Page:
The afternoon thunder clouds started to roll in. Sean said we should go ahead and go to the place we were spending the night, Colakreek, a park with cabins. This is a very popular spot for family weekends. It is called Colakreek because the water is the color of cola, almost black. Even though the color of the water is very dark, it is very clean. Tannins from the trees and red clay cause the water to appear almost black. There can be some very good birds here. We pulled into the headquarters to check in and the sky opened up and it started to "chuck it down", as Martin would say.

The cabin was great. It had sliding doors that opened to reveal a kitchen, a bathroom and two bedrooms. The bedrooms were air conditioned, which made us very happy, as it was rather hot. We carried our stuff in, using a large umbrella to keep dry. Martin and I settled in, arranging our stuff in the small bedroom. I closed the windows and turned on the air conditioning. Within a few seconds the power went out and the cabin went dark. I said a few choice words and said we needed to look for the breaker box, figuring I blew a circuit breaker. We walked out of the room just as Sean came out of his. He said he was talking to his wife in Paramaribo and she said the power went out there at the same time. Wow, I had really done some damage! I asked Sean if power outages were common, and he said that they weren't, but there had been some recently.

The rain had slowed to a drizzle, so I kicked off my shoes and went out to walk on the sand roads. It felt so nice to be barefoot. Sean and Martin joined me and we started looking for birds. It was close to sunset, so there wasn't much to see. Sean took us to a spot along the creek, where we watched Red-bellied Macaws come in to roost. We walked  back to the cabin, opened the windows, and settled down for the night. It wasn't unbearably hot; the breeze was actually quite nice. During the night the lights came back on, waking me up. The air also came on, and the power didn't kick off again, so I guess I didn't cause the black out.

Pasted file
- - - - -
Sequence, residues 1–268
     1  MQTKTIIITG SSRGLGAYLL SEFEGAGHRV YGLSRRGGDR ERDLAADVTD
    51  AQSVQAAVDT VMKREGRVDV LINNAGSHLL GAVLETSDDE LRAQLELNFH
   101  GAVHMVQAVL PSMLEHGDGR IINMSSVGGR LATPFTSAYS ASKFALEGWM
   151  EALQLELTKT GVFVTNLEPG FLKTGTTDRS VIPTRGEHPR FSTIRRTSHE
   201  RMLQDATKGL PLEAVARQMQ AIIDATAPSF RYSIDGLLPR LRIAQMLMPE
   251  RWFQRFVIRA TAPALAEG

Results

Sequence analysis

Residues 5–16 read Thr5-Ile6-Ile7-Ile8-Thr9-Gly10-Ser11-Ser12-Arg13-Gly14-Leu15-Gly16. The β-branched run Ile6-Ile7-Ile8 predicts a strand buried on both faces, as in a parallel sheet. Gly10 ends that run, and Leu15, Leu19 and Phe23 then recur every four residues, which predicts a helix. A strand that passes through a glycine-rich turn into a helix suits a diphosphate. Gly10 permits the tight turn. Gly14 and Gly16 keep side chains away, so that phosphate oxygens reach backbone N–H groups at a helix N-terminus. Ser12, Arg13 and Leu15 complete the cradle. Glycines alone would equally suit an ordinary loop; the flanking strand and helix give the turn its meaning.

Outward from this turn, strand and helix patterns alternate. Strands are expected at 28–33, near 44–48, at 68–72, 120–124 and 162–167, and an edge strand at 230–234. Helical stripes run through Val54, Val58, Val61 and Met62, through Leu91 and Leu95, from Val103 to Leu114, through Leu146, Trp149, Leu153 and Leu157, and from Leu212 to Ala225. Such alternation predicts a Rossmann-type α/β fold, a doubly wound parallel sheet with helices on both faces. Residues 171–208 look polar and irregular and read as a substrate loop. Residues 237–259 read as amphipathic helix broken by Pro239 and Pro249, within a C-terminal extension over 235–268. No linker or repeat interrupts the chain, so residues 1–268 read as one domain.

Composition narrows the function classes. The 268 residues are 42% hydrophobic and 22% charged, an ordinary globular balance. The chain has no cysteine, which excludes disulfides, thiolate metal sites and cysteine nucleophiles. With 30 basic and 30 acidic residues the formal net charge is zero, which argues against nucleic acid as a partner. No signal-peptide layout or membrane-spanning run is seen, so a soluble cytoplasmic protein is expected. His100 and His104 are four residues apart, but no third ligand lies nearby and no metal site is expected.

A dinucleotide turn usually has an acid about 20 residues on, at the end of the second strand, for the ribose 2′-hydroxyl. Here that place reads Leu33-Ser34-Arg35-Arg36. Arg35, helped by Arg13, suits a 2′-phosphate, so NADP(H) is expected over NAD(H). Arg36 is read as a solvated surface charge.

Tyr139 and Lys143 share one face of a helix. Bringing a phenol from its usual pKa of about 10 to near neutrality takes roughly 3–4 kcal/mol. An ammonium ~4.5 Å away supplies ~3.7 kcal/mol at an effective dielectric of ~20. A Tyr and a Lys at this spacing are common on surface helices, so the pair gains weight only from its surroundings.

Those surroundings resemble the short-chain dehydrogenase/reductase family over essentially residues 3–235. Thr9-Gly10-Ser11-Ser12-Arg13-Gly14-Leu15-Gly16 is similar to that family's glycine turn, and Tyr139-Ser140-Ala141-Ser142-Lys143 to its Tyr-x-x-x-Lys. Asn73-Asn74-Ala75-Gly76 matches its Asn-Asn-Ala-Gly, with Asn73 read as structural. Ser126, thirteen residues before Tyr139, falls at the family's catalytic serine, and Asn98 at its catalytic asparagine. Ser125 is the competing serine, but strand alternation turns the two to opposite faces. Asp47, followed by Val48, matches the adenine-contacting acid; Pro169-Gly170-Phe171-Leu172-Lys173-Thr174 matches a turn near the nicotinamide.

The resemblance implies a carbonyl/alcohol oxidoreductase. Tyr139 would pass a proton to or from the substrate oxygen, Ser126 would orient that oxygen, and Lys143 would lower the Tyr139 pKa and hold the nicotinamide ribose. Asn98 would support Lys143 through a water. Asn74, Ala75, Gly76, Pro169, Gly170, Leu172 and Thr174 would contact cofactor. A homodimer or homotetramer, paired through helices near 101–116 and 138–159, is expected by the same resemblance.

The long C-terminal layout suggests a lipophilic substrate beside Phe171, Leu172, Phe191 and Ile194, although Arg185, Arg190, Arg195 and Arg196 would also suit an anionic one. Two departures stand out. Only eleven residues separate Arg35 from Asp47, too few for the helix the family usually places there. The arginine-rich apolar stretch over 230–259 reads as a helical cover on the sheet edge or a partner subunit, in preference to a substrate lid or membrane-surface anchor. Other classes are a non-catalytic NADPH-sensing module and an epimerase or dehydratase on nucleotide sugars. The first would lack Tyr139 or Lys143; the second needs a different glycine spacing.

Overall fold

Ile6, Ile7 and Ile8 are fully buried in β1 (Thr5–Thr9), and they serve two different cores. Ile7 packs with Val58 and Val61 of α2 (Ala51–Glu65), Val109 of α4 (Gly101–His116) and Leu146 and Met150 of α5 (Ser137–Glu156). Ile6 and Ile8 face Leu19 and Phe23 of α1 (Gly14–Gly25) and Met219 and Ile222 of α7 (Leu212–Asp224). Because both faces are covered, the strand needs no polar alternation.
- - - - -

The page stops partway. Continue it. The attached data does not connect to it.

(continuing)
Here are my photos for the day-

1 Cattle Egret
2 Striated Heron
3 Black Vulture
4 Turkey Vulture
5 Lesser Yellow-headed Vulture
6 Greater Yellow-headed Vulture
7 Swallow-tailed Kite
8 Snail Kite
9 Roadside Hawk
10 White-tailed Hawk
11 Ruddy Pigeon
12 Common Ground-Dove
13 White-tipped Dove
14 White-eyed Parakeet
15 Brown-throated Parakeet
16 Red-bellied Macaw
17 Golden-winged Parakeet
18 Squirrel Cuckoo
19 Greater Ani
20 Smooth-billed Ani
21 Common Pauraque
22 Band-rumped Swift
23 Lesser Swallow-tailed Swift
24 Fork-tailed Palm-Swift
25 Green-tailed Goldenthroat
26 Guianan Trogon
27 Ringed Kingfisher
28 Amazon Kingfisher
29 Pied Puffbird
30 Black Nunbird
31 Swallow-winged Puffbird
32 White-throated Toucan
33 Golden-collared Woodpecker
34 Cream-colored Woodpecker
35 Point-tailed Palmcreeper
36 Long-tailed Woodcreeper
37 Black-crested Antshrike
38 Mouse-colored Antshrike
39 Southern Beardless-Tyrannulet
40 Yellow-crowned Tyrannulet
41 Forest Elaenia
42 Plain-crested Elaenia
43 Helmeted Pygmy-Tyrant
44 White-headed Marsh-Tyrant
45 Great Kiskadee
46 Boat-billed Flycatcher
47 Rusty-margined Flycatcher
48 Yellow-throated Flycatcher
49 Piratic Flycatcher
50 Variegated Flycatcher
51 Sulphury Flycatcher
52 Tropical Kingbird
53 Tiny Tyrant-Manakin
54 White-winged Becard
55 Ashy-headed Greenlet
56 Gray-breasted Martin
57 White-winged Swallow
58 Pale-breasted Thrush
59 Spectacled Thrush
60 Tropical Mockingbird
61 Bananaquit
62 Silver-beaked Tanager
63 Blue-gray Tanager
64 Palm Tanager
65 Wing-barred Seedeater
66 Wedge-tailed Grass-Finch
67 Eastern Meadowlark
68 Giant Cowbird
69 Yellow Oriole
70 Red-rumped Cacique
71 Yellow-rumped Cacique
72 Crested Oropendola